6 March 2015
Drama, Mystery, Thriller
Glagow Film Festival
Ayako Fujitani, Pepe Serna, Kazuki Kitamura,
One night, after hitting an unidentified Japanese man with his car, Sherriff Del Moral (Pepe Serna) stumbles on a mysterious case that leads him to San Francisco. There, author Aki Akahori (Ayako Fujitani) has fled Tokyo and after enjoying a brief fling with a mysterious stranger, is thrust into the very same case. Dave Boyle’s Man from Reno keeps threatening to be a dark (at least consistently serious) film pulling on film noir inspirations and pulp paperback detective stories, but it never quite gets there.
The humour is off, sometimes far too dry, others far too silly, considering the story, but then, there’s another issue. The story, in attempts to achieve the kind of ludicrous twisting narrative of the noir thriller, loses itself too many times. It delves in deeper and deeper but doesn’t manage to drag us with any great zeal. Though, one of the most interesting things about Man from Reno is its array of zany multinational characters who, though sometimes jarring, are often enjoyable. Unfortunately its array of strange characters are left in a pile somewhere out of sight, its story hopelessly convoluted and confused by too many characters and not enough intrigue. There is some success in Kazuki Kitamura’s portrayal of a handsome stranger and Serna’s wily old cop, but even when those two characters eventually meet, it’s unfortunately underwhelming.
The humour along with the mix of genre templates is surprisingly uninvolving. The darker streaks work best when married with a significant amount of mystery, but the humour inevitably sinks the boat. Del Moral’s investigation really pulls you in, but is thrown overboard by a middling and distracted story of author melodrama. This is a mixed pot that’s trying far too hard to achieve a type of story usually marked by shameless nonchalance.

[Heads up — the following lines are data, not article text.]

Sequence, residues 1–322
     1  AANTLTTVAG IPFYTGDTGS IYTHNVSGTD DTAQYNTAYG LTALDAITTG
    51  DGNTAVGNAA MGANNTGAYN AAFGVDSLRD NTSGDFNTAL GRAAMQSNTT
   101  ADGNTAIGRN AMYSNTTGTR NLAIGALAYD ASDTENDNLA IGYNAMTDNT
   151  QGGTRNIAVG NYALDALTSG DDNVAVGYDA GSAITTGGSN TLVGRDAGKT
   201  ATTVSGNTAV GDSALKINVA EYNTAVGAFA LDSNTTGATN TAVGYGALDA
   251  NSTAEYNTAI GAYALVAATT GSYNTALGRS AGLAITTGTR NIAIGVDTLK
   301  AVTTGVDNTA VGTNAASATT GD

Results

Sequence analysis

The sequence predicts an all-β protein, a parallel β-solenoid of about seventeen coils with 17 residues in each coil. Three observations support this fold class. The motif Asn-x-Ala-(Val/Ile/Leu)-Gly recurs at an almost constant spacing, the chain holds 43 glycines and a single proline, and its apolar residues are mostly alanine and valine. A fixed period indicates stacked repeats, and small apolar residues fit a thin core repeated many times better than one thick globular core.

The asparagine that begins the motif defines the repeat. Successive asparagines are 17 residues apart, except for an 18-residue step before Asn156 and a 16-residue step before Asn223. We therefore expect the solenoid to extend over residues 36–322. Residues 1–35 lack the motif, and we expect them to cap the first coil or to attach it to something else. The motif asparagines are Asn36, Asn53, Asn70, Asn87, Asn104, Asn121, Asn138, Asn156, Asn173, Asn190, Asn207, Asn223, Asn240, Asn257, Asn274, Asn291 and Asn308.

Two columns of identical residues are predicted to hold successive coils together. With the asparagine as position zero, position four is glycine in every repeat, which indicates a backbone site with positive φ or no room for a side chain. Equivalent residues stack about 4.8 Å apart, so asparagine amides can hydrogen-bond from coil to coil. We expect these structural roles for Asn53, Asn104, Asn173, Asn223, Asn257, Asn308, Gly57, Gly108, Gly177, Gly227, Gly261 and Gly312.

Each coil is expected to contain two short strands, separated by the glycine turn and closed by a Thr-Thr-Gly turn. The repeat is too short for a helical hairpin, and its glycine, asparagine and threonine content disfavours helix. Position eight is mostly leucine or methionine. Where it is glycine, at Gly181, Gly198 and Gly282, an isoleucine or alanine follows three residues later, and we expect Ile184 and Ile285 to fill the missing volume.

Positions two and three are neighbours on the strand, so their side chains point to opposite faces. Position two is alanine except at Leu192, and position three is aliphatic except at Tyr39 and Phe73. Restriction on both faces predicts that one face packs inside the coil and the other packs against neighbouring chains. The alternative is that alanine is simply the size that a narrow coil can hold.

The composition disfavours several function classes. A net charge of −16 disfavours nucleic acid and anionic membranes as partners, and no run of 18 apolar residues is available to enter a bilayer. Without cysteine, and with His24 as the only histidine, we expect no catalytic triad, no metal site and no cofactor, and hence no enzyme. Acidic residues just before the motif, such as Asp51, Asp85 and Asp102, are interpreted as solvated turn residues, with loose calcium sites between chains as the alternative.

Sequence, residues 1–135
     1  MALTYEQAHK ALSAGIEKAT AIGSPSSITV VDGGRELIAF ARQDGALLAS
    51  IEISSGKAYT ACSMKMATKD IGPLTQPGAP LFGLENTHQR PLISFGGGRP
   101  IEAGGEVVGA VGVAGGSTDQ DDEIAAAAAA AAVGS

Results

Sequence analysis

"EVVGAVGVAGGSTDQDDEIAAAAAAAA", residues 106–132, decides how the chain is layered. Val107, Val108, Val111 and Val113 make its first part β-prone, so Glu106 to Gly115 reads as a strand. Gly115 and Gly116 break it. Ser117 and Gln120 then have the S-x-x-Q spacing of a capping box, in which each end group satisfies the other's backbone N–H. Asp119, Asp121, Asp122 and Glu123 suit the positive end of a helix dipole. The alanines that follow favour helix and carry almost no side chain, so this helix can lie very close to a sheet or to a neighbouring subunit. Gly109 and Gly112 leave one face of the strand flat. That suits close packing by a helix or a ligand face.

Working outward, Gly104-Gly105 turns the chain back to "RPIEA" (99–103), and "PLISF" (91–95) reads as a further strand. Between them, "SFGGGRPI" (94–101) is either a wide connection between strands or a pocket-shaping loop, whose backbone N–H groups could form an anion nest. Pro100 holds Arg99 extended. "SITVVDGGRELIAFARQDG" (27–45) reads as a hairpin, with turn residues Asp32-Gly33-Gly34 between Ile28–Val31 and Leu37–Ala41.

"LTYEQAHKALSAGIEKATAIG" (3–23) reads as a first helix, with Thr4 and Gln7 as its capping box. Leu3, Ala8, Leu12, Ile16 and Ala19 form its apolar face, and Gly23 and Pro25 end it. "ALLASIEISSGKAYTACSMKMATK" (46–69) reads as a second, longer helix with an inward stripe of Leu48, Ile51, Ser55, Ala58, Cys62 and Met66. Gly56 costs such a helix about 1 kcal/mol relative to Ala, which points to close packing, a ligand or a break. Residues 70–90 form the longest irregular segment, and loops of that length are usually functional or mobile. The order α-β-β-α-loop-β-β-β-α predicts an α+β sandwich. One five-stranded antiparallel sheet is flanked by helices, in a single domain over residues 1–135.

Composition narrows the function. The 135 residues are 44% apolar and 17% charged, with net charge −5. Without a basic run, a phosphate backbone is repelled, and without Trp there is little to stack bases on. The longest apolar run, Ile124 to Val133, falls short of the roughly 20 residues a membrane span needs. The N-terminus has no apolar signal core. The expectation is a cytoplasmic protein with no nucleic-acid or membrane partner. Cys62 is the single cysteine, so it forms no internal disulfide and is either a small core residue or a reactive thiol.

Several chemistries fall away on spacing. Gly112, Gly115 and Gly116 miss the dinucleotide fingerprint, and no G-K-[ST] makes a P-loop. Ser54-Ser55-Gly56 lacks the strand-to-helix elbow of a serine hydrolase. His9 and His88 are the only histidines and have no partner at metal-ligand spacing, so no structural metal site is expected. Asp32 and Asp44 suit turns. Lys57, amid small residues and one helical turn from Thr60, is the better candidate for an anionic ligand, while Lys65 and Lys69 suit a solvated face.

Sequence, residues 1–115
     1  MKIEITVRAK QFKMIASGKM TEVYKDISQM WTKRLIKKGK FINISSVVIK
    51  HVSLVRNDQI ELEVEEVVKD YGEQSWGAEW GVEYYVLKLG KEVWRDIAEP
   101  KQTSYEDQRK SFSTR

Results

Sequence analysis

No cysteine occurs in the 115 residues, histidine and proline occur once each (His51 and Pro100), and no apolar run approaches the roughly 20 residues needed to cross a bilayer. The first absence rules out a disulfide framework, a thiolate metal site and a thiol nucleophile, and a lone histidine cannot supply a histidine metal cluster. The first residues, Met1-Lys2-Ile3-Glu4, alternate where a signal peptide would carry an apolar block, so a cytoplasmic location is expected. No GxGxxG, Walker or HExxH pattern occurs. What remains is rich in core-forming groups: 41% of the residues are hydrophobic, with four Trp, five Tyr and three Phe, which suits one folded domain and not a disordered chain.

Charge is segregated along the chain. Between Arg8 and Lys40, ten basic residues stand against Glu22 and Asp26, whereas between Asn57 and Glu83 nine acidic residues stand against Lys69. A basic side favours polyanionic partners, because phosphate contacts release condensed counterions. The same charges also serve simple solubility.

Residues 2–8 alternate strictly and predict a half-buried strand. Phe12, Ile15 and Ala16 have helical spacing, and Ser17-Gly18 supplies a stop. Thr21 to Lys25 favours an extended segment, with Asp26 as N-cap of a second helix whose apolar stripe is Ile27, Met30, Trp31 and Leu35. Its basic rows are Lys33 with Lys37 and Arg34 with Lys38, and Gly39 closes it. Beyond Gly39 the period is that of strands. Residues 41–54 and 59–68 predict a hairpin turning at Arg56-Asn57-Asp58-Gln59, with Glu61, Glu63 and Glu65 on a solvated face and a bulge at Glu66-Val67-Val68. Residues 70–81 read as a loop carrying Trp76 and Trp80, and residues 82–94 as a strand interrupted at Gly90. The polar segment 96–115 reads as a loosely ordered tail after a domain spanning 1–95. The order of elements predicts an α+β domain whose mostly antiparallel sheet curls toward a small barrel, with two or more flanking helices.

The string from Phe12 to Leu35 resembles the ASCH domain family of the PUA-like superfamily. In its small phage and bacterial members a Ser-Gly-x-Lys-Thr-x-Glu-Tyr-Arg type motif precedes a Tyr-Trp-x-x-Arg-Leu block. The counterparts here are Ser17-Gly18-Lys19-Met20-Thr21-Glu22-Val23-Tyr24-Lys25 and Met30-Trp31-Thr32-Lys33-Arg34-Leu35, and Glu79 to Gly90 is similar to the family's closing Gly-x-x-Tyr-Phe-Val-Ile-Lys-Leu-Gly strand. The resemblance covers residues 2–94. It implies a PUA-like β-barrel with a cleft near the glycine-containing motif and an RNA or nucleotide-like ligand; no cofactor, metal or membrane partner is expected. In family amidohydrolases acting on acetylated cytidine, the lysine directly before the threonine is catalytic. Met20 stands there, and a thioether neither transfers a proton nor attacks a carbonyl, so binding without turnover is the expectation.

Moments of gorgeous noir cinematography are few and far between in the glorified melodrama of Man from Reno. Viewers will be split by which side of the plot they enjoy more, but as a whole this isnt quite there.
5 March 2015
Benedict Cumberbatch, Keira Knightley, Mark Strong, Matthew Goode
Release: 9th March 2015
Buy:The Imitation Game [Blu-ray]
The Imitation Game, as everyone probably knows at this point, is about Alan Turing (Benedict Cumberbatch) who was one of the radical figures in the creation of what we now know as the computer. He was also homosexual, and was convicted by the police as a result. Due to being forced to undertake chemical castration, he later committed suicide. The film was an early front runner for the Academy Awards and ended up being triumphant in the adapted screenplay category.
In The Imitation Game, Benedict Cumberbatch has never been better; he perfectly captures a driven man who has ideas too large for his time. He also manages to capture the paranoia Turing suffers after the war, specifically in the scenes where he is interrogated, which eventually leads to his downfall. Keira Knightley plays Joan Clarke who was one of the code breakers but had to operate in secret because of the sexism of the time. The rest of the cast is full of solid British actors like Mark Strong and Matthew Goode.
The production design is top notch by Maria Djurkovic who also did Tinker, Tailor, Soldier, Spy (which also shared some of the same cast). Both have an attention to period detail that is sorely lacking in many films. Oscar Faura shot it and he has been doing beautiful work for a long with films like The Orphanage and The Machinist and this no exception. Finally the director Morten Tyldum solidly puts it all together, even if at times it seems as though it’s begging for an Academy Award.
The film works on many levels; it’s firstly a nail-biting thriller that is gripping from the moment it starts to it’s sad climax, but it also works as a solid war film that shows the behind the scenes of what really won the war. Not only that, but it also works as a depiction of a time when being yourself could lead to prison, or in the case of Turing, even worse. The film is actually surprisingly funny throughout which is surprising given the subject matter, but Turing's interactions with high officials and his team of code breakers are laugh out loud funny as times. The Imitation Game is one of the better British films to be released in 2014, in a year where there were a surprising amount of British films up for the major awards in the US.
The Blu-ray release includes 3 features including 2 on the true history of the story, and finally the more standard making of.